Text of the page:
June 16, 2021
One of our culinary travelers' favorite activities when they participate in our Italy cooking vacations is making cheese. This is not part of every itinerary:…Read This Post
What better blog for pasta week than a regional wine and pasta pairing menu? While there are some pasta shapes that you find throughout Italy, each region has its own specialties. And of course, if you pair a regional pasta with the delicious sauce of local ingredients meant to accompany it, and with a bottle of regional wine imbued with the same terroir , you have the makings of perfection.
We’ll start with one of our favorites, bucatini. This long, spaghetti-like pasta is distinguished by the small hole (“buco”) that runs the length of it. It’s traditionally served all’amatriciana or alla gricia. The first is a wonderful sauce made with tomato and guanciale, topped with pecorino. The second is a “white” amatriciana, or without the tomatoes. (Another classic shape to try with these preparations is rigatoni.)
Try serving it with a bold Cesanese del Piglio wine, which can stand up to the guanciale and pecorino, as well as the tomatoes, if you use them.
Saredgna (Sardinia) has a variety of regional dishes that can be difficult to find off the island, but one of our favorites is malloreddus, or “gnocchetti sardi” (small Sardinian gnocchi). Unlike regular gnocchi, gnocchetti sardi resemble a small, shell-shaped pasta with lines (i.e. not smooth). They are traditionally served with a sauce flavored with some of the fine regional sausages made in the inland’s interior, and topped with pecorino sardo cheese.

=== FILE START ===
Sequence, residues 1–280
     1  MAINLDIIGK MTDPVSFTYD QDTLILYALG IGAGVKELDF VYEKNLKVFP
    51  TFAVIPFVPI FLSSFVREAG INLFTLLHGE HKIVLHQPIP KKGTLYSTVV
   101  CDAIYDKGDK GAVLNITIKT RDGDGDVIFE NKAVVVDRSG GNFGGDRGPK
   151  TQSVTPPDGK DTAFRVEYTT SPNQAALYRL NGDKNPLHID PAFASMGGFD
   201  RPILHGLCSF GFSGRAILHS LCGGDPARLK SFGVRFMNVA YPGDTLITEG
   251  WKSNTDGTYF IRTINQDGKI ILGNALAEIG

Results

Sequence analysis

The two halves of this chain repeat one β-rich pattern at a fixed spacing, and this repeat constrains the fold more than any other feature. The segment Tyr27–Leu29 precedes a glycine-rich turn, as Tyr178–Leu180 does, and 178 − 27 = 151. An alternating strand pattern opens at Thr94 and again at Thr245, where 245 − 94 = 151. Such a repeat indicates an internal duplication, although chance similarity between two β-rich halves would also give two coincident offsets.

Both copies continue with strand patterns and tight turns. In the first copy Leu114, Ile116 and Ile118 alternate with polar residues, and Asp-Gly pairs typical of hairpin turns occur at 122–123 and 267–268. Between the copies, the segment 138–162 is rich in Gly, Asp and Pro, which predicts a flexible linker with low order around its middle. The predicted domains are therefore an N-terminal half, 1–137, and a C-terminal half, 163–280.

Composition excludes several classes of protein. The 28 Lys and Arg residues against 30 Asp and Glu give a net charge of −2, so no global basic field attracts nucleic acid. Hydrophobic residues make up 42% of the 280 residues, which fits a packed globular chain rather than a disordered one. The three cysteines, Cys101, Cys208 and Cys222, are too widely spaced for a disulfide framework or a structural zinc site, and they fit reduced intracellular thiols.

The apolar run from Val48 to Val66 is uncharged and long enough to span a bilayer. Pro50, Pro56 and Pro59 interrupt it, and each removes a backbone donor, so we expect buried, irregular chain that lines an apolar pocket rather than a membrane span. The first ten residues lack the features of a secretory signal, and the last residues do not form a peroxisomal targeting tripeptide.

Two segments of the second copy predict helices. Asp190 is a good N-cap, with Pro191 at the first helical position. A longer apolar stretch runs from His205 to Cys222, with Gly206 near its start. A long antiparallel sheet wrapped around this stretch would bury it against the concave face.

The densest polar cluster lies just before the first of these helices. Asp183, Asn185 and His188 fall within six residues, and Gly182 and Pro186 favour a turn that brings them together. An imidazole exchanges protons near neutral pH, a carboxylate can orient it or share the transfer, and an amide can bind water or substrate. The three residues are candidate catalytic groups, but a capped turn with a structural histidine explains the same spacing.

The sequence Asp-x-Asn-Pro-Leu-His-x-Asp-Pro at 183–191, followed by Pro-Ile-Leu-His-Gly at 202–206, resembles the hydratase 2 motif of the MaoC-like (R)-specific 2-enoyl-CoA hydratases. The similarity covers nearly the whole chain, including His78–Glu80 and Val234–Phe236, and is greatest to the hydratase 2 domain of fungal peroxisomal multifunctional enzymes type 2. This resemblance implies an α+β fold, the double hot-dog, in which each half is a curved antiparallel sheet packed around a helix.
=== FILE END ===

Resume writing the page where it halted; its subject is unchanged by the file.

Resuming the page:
A rich pasta dish like this one deserves an equally powerful wine, try one of the many fine Cannonau wines from the Jerzu province.
The Sicilian pasta shape casarecce has migrated to other regions as well, but its origins are distinctly Sicilian. The shape resembles a scroll, with the longer edges rolled up and slightly twisted. A classic preparation is with a Trapani-style “pesto” that is made of fresh tomatoes, almonds, garlic, basil, and cheese (either fresh ricotta or a seasoned cheese like pecorino or parmigiano).
If you haven’t been to Sicily, you don’t know what you’re missing! Try casarecce al pesto trapanese with some fine Sicilian wines during our best-selling cooking vacation in Sicily, Authentic Sicilian Experience for the Food Lover.
Puglia (Apulia) abounds in distinctive and wonderful pasta shapes, but none is perhaps more known than the whimsical orecchiette or “ear-shaped” pasta. The classic way to serve it? With cime di rapa (rapini, also called broccoli rabe) sauteed with a bit of olive oil, garlic, red pepper flakes, and anchovy.
To try the pasta and the wine in Puglia, check out our best-selling cooking vacation in Puglia, A Culilnary Advanture in Puglia.
Of course, we think the the best way to try any of these pasta and wine pairings is on a cooking vacation to Italy, but you can enjoy them at home as well!
Can you think of other regional wine and pasta pairings? Don’t forget to tell us your favorites in the comments or on social media.
By Peg Kern
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